Now, it can be looked at in a number of ways. There is a famous line in the book The Godfather as well as in the movie when Don Zaluchi stands up and says, " I want to keep it respectable. I don't want it near schools. I don't want it sold to children! In my city, we'd keep the traffic in the Dark People, the Coloreds - they're animals anyway, so let them lose their souls." One could make the argument that since the police don't really care if African American women prostitute themselves, or if African Americans sell drugs to each other and destroy their bodies and their lives, that's less of a burden on the local P.D. Yes, that argument could be made, and there are parts of this fine country where that is still most definitely the case, even today in 2006. However, the film either presupposes that you, the viewer, know and understand that or subscribe to that notion, or it feigns a blissful ignorance to the rules and laws of civil society.

While Terrence Howard's performance is moving, and even makes one feel sympathetic for and definitely root for a drug dealing pimp, the fact that he never really addresses the illegal way that he gets by in life leaves a hole in the performance for me. My friend Tash dismisses the whole movie because the writer and director is of European American. And while he may have said that jestily, the truth still stands that that is the case.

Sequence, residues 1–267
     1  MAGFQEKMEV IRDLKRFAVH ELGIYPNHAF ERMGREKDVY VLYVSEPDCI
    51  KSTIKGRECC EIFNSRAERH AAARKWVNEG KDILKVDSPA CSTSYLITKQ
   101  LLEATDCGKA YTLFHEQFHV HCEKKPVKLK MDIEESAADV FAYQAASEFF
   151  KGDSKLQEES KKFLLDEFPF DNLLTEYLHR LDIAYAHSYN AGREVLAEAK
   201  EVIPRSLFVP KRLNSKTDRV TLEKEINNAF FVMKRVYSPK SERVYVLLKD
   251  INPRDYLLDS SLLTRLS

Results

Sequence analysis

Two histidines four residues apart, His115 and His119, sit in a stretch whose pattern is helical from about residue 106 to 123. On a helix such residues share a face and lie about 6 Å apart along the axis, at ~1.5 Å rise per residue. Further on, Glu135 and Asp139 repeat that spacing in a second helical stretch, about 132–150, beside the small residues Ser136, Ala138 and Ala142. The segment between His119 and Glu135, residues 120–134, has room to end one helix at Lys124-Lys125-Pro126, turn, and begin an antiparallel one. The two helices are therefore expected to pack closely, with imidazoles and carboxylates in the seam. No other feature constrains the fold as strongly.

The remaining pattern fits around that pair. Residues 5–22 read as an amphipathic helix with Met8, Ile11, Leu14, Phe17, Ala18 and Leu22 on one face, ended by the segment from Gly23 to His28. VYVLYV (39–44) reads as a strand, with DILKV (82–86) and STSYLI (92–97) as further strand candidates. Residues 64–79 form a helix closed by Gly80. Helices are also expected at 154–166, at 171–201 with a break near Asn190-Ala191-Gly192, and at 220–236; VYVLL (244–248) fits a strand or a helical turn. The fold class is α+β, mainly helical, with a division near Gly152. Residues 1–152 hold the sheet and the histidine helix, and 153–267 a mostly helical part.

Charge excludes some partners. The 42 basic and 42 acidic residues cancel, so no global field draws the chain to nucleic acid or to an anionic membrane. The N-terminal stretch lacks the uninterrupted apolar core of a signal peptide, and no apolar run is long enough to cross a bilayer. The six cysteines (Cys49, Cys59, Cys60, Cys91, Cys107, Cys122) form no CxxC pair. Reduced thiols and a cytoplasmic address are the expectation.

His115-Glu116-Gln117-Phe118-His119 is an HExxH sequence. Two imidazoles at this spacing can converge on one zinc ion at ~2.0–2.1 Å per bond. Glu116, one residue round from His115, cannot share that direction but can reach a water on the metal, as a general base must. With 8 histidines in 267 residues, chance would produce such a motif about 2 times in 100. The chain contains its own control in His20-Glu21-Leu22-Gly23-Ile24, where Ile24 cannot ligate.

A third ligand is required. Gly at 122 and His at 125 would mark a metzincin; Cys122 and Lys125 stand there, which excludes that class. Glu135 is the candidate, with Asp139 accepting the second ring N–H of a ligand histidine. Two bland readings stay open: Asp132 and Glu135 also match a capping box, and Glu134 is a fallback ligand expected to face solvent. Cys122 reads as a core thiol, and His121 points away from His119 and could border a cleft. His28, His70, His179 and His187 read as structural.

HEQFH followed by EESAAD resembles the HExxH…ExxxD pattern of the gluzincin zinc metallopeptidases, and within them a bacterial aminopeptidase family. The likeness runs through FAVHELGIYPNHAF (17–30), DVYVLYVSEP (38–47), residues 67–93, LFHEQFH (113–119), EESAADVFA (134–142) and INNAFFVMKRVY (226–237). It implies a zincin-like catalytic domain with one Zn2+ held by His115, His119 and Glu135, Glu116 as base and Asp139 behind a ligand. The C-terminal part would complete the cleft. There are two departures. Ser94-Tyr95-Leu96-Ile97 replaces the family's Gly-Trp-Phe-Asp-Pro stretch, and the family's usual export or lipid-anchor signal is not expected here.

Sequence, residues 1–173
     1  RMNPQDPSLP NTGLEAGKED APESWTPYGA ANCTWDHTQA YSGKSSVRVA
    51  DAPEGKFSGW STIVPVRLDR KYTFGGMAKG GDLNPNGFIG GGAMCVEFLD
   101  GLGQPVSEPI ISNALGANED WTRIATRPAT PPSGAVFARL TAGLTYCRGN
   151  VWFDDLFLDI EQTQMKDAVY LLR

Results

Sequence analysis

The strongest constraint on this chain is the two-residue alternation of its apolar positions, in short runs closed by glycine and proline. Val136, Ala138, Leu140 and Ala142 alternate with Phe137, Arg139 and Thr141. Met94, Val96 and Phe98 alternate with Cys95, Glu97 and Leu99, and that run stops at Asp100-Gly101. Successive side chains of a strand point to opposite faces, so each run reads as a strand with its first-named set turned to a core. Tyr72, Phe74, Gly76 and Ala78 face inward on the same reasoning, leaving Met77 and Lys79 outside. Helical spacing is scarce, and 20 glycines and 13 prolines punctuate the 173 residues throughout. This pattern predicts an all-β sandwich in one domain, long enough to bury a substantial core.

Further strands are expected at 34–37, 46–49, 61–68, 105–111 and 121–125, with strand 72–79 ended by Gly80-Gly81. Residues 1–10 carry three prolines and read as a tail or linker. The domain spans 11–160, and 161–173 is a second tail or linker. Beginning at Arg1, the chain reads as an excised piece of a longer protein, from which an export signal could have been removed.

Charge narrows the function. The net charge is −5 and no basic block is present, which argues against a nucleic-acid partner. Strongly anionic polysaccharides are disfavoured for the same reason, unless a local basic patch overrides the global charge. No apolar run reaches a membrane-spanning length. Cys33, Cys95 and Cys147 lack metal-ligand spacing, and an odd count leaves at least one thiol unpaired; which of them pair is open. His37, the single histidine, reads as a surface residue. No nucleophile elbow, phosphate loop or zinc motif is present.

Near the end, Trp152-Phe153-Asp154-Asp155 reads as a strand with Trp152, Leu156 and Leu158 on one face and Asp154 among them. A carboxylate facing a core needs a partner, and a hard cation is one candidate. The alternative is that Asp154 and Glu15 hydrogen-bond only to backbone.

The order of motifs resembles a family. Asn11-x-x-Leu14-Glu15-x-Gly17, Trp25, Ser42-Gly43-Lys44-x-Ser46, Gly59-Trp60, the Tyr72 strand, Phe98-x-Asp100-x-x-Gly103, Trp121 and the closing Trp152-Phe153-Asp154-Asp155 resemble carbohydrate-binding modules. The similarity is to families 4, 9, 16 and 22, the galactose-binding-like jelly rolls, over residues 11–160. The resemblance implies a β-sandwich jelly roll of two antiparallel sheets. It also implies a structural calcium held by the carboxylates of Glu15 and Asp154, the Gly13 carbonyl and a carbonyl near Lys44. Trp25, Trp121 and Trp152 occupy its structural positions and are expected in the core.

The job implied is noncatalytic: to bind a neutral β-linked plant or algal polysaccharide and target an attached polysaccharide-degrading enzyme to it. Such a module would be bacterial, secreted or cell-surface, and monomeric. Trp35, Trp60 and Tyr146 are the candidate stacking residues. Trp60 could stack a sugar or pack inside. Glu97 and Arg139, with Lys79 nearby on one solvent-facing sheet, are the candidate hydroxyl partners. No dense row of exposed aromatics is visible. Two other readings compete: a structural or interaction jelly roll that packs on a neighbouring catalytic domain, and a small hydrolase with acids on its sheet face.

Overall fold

I am however very proud for Terrence Howard, whom I first recognized as Quentin in The Best Man. His current meteoric rise is an interestingly sad commentary on the fact that what Black America knows for years is all brand new when the majority of America realizes it. Calling Terrence Howard a newcomer is as irresponsible as calling Cornel West a teacher, or leaving off the 'Dr.' in Condeleeza Rice's proper title (they never left it off of Kissinger's name). I also feel that Terrence Howard should've been nominated for his role in the ensemble piece and my choice for Best Picture, Crash. He defnitely should've gotten a nomination for Best Supporting Actor for his performance in the film. He had a very, very quiet dignity that simmered and boiled only once in the film, and even when the chips were down against him, that dignity or cool, got him out of a seemingly unwinnable situation.